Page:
Director: Martin Hynes
Screenwriter: Martin Hynes
Producers: Lucy Barzun Donnelly, Lori Christopher, Larry Furlong
Cast: Lou Taylor Pucci, Zooey Deschanel, Jena Malone, Judy Greer, Maura Tierney
USA, 2006, 93 min.
*Left with an aching instinctual itch to explore America after a traumatic loss, a curious teenager named Mercer suddenly steals a car in Oregon and develops a life-altering telephonic connection with the forgiving and mysterious girl he took it from. As he sets out with her phone calls as guidance, Mercer's motives find focus as he travels across the postmodern highways of the former Wild West to seek self-knowledge and a sense of belonging.
Played with truth and nuance by Lou Taylor Pucci, young Mercer follows the clues and confronts struggles, both good and bad, on his spiritual journey toward manhood and an end to his grief. Supporting him in a range of unlikely relationships and chance encounters is an eloquent set of performances that include Zooey Deschanel as the car's owner, Jena Malone as a precocious distraction in Reno, and Maura Tierney as his brother's old flame.
Byron Shah's dreamlike cinematography and M. Ward's original soundtrack add to this "mix tape" of emotional discoveries. Perhaps most impressive is the way writer/director Martin Hynes vividly and creatively steers the viewer on this cinematic ride, where there are some roads still worth driving down.
*Summary by Joseph Beyer, SUNDANCE Film Programmer
The Go-Getter is an odd little film that has very strange and charming rhythms, but doesn’t feel like a complete film. Basically a road trip film through the American West, it did show me a lot of Western locations that I love to see in films. In a lot of ways, I was reminded of Wristcutters from last year’s festival. The Go-Getter wasn’t as good or surreal as that film, but Wristcutters is a good film to remind one of. This film was written and directed by a Columbia graduate, Martin Hynes, who seemed to be a solid, stable, and hard-working guy. Based on this, his first feature, you get the feeling that his third film will be tremendous.
From the very beginning of the film, there were things that worked fantastically and things that did not. I thought the main protagonist, Mercer, played by Lou Taylor Pucci, was very good. The scene at his mother’s deathbed was wonderful. As she passed on, Mercer let out a little laugh, almost a hiccup. It seemed like such an honest and tender touch, it made the scene more real, watching Mercer lose control of his reactions for a second. But then, he goes to talk to a member of a band that rehearses in a big bio-dome. The setting felt too mockingly comical, as if to say, “Look at these goofy Oregonians in their 70-s dome.” A little too Napoleon Dynamite for what I thought this film was trying to accomplish. I know it sounds ridiculous to dock points over a piece of set decoration, but there you have it.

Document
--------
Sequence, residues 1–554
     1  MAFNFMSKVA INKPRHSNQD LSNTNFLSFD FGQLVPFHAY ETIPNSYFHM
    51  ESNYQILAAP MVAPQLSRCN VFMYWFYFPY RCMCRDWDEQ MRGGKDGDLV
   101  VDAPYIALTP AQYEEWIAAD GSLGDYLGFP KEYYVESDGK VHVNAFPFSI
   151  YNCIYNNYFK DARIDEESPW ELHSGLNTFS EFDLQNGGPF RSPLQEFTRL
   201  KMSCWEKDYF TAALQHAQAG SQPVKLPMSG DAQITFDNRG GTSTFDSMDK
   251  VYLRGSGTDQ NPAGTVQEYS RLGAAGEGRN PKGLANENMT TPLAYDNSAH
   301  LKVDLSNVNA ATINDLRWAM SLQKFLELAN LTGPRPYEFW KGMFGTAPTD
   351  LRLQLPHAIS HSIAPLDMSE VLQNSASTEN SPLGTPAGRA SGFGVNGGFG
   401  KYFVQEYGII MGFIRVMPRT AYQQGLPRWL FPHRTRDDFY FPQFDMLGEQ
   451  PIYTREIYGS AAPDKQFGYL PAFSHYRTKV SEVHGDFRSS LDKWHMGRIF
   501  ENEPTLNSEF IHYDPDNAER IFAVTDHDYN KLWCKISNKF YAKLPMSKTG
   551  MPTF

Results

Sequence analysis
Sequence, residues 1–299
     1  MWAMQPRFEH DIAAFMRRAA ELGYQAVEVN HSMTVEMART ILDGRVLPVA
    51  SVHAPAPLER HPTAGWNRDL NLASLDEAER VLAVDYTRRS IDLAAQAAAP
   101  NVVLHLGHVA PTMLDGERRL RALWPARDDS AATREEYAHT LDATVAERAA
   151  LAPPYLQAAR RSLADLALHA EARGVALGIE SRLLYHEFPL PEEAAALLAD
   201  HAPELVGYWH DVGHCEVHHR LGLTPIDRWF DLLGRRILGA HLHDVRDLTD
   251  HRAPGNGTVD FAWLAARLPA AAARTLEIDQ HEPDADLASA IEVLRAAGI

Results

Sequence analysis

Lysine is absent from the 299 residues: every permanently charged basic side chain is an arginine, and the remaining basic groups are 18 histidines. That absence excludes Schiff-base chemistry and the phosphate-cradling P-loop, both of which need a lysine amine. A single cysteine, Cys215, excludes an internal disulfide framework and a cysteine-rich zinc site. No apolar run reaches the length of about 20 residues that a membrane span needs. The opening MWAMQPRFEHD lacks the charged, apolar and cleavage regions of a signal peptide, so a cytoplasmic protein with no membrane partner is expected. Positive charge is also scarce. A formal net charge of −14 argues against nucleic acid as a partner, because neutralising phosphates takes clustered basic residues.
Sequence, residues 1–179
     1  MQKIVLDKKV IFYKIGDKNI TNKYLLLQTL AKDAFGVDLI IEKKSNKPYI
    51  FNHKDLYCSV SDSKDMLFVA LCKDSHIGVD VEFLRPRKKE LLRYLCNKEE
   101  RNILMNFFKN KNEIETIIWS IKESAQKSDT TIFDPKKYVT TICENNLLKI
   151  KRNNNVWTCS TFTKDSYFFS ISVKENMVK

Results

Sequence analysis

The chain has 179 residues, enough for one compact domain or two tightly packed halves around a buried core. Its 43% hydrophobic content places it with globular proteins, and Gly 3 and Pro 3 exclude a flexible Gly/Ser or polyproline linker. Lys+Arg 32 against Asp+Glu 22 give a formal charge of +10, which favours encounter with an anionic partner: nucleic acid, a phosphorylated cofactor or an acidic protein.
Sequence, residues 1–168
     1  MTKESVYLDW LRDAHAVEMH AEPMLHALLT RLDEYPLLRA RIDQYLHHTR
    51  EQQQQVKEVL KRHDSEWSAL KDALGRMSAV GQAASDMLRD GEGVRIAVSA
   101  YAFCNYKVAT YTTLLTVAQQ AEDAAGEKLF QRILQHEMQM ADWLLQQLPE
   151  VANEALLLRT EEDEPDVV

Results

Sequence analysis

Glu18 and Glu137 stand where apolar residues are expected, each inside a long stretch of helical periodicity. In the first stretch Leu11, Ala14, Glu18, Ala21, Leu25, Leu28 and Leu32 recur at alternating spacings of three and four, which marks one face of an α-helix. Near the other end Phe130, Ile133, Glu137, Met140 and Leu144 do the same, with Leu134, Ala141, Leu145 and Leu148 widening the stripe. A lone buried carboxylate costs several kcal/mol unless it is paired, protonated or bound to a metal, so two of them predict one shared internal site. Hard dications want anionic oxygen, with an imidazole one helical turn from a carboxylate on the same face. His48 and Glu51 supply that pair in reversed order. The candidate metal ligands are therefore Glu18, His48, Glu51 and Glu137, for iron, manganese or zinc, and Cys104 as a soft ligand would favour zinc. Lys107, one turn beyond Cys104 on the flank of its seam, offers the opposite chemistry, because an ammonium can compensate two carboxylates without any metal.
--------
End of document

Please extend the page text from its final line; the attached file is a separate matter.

A lot of other moments I really liked. The French dance sequence in the parking lot was a refreshing change of pace. An interesting choice was to have Zooey Deschanel’s character, Kate, present with Mercer whenever they were having a phone conversation. Yet, her voice still sounded like it was coming out of a phone. A subtle and new choice. For the most part, I found the dialogue fantastic. Especially the phone conversations and the hilarious ‘be a man’ speech from Bill Duke as an off-kilter sage.
Some logistical snags also really bothered me. How did Mercer get into Mexico without a passport? How did Kate character get to Sacramento? I think we are just supposed to accept it, but I would have a line of explanation. One thing I really liked about the ending of the film was that Mercer’s brother stayed in character. This brother is described as an asshole and a thriftier throughout the film and it is nice to see that he didn’t suddenly turn into a concerned family member once Mercer showed up on his quest. He was just as much a jerk as we were led to believe. Also, I loved Maura Tierney’s bit role as a cool and bored band member. I just love seeing her on screen, she is so much fun.A sweet combination of a road trip and rom com, The Go-Getter is a well-written tale about a young man’s exploration of the new West. The sepia-toned film style, while dangerously cliché by this point, was still beautiful to look at. There is a lot to recommend about this film and I hope it finds the audience that Wristcutters was unable to find.